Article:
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to think maybe we should just abolish state education altogether

(121 Posts)
Caronaim Wed 28-Jan-15 20:58:54

Having left teaching after 20 years, I can look back at it a bit more objectively now I am out of it.

It is a total and utter disaster zone.

The children who do well are the ones who are supported at home, if they don't get that, nothing that happens in school will compensate.

much of what happens in schools is assessment rather than teaching, and teachers spend more time recording the results of assessments than they do even doing the assessing.

Records are often not even true, you have to cook so much of it. Records are extensive, but much of what I spent my working life recording has never been read back, either by myself or anyone else.

I ended up working up to 18-20 hours a day, of which 2-3 hours max was actually educationally beneficial.

Some children behave well, but can't learn because other children whos parents don't care about education, behave badly.

So how about we close all state schools, and give parents the money in the form of education vouchers instead. parents could buy resources, or pay for tutoring, or club together to hire a classroom, or apply to have their vouchers redeemed into actual money to allow a parent to stop work to home educate, with certain conditions.

more people would be able to afford private school, and more private schools would open.

parents who encourage their children to behave badly at school would have to deal with that behaviour at home.

Children who do well at school would probably do even better at home, and children who do badly wouldn't do any worse.

The country would save vast amounts of money towards paying off the national debt.

DoraGora Wed 28-Jan-15 21:02:08

Or remove the badly behaved children.

Llareggub Wed 28-Jan-15 21:02:13

I see where you are coming from. What you haven't really taken into account is that the state education system evolved from pretty much the situation you describe but was found to be lacking.

I would not like to abolish state education. I think we just need to think hard about the pointless bureaucracy.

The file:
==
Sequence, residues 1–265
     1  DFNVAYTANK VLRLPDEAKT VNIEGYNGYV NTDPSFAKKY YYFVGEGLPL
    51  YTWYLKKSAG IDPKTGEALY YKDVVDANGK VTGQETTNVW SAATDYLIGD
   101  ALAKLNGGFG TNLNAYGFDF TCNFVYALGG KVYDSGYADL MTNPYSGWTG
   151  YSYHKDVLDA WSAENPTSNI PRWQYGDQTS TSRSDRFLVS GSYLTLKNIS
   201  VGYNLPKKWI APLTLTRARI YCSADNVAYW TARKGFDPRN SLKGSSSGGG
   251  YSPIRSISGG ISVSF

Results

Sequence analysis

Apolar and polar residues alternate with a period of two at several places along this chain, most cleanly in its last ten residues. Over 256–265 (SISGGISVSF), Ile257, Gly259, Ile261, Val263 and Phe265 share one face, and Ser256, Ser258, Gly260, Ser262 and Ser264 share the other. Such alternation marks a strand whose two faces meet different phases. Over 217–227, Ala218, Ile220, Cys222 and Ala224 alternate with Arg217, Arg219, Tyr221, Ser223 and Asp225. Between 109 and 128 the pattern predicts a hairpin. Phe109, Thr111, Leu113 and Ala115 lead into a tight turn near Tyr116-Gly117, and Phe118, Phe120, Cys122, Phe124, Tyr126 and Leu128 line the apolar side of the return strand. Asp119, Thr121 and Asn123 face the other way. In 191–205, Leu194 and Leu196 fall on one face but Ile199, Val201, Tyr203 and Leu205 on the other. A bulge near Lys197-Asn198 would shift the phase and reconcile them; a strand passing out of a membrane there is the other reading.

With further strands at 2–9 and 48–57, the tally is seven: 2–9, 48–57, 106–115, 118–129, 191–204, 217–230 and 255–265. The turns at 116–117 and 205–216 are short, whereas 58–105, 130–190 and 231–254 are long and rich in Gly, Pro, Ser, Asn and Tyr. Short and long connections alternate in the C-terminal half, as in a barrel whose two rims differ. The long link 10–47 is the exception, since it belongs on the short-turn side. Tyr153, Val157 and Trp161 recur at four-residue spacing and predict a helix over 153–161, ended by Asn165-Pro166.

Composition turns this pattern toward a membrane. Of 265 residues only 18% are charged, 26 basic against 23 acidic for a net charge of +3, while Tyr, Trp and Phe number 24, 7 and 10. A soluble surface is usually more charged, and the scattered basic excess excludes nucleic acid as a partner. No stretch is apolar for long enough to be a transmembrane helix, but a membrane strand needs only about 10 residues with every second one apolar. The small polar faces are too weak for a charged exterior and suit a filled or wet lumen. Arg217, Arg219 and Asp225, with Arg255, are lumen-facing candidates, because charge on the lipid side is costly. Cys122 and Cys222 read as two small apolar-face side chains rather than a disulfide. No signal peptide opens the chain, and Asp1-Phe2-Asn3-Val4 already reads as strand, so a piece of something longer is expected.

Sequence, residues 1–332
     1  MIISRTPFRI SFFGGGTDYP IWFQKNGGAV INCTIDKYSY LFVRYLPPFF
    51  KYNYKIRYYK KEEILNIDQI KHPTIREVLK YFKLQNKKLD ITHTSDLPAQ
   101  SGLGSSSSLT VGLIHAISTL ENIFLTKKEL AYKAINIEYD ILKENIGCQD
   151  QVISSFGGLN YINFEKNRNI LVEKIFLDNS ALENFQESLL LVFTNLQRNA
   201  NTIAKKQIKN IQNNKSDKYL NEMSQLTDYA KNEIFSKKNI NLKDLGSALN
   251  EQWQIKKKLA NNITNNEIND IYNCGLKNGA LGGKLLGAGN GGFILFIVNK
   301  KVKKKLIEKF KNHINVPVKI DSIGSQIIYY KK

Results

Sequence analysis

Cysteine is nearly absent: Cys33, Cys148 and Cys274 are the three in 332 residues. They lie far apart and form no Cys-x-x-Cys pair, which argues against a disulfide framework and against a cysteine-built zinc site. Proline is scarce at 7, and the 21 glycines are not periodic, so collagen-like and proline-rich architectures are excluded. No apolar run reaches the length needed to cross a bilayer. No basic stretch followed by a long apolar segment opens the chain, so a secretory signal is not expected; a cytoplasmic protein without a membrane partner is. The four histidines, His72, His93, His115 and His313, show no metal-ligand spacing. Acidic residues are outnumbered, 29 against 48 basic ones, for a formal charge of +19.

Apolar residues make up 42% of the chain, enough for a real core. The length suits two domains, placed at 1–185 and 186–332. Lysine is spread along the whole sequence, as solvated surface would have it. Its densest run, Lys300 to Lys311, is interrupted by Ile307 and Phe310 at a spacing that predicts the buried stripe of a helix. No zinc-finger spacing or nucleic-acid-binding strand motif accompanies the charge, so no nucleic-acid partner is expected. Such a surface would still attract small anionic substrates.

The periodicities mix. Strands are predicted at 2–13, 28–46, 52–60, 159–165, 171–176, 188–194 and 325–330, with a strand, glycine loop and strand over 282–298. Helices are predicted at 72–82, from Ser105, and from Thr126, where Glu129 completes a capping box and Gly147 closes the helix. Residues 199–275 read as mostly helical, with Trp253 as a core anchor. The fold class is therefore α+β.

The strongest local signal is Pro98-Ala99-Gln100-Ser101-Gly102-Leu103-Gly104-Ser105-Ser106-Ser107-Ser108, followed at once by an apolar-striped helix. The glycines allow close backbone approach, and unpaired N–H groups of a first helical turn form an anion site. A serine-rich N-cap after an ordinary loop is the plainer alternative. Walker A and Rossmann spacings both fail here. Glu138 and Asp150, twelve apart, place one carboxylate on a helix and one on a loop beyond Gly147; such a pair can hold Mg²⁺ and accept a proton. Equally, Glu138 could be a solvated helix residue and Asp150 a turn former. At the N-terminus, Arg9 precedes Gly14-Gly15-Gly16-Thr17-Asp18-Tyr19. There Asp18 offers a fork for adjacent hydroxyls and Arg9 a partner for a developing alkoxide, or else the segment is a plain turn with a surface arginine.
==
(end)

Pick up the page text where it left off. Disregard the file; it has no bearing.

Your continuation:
TwitterWooooo Wed 28-Jan-15 21:04:02

Yabu. I'm living proof that your argument is inaccurate about children doing well are supported at home. My parents didn't give a shit if I did well at school, one was illiterate in fact. I have done very well if I do say so myself. The children who are not supported need inspiration from elsewhere. Furthermore it's wrong to assume only the children whose parents support them will do well.

Caronaim Wed 28-Jan-15 21:05:26

It is just very difficult to explain in a short post exactly how fucked up the whole system is. I know it isn't really practical to abolish it, but thinking about it just makes me feel so angry and hopeless! It is all so stupid and wasteful. It isn't doing children any good, it is costing millions and it is abusing staff at all levels.

DoraGora Wed 28-Jan-15 21:05:52

I'm not sure how possible it is to think about pointless bureaucracy, given that the state education system is run by a bureaucracy. The private education system isn't.

Caronaim Wed 28-Jan-15 21:06:15

twitterwoo, I'm glad you did well, but I'm sure you would have anyway.

Iggly Wed 28-Jan-15 21:07:55

Or take the politicians out of the classroom.

They need to back the fuck off. Instead they micro manage. I mean, seriously, Michael give deciding what books people should read as part of the curriculum?!

You don't get politicians telling doctors what treatments to use do you so they should leave it to the teaching experts.

betweenmarchandmay Wed 28-Jan-15 21:08:04

I think YABU as well.

I can understand the frustration of teaching children who behave poorly but I have never worked anywhere (and I've worked in some grim schools!) where these children were the majority. There were plenty of delightful children from homes who didn't value education or learning as well.

And it isn't just children who's parents don't care about education who behave badly.

wobblyweebles Wed 28-Jan-15 21:08:06

My kids are in state school in another country and I think the system's working pretty well TBH.

We do choose to pay higher taxes so our class sizes are much smaller. Also the education system is not controlled by central government so there's much less red tape. Also parents get a say in the budget and what it's spent on. The school spends much less time on enforcing things like uniform and 'proper' lunches and more time on educating.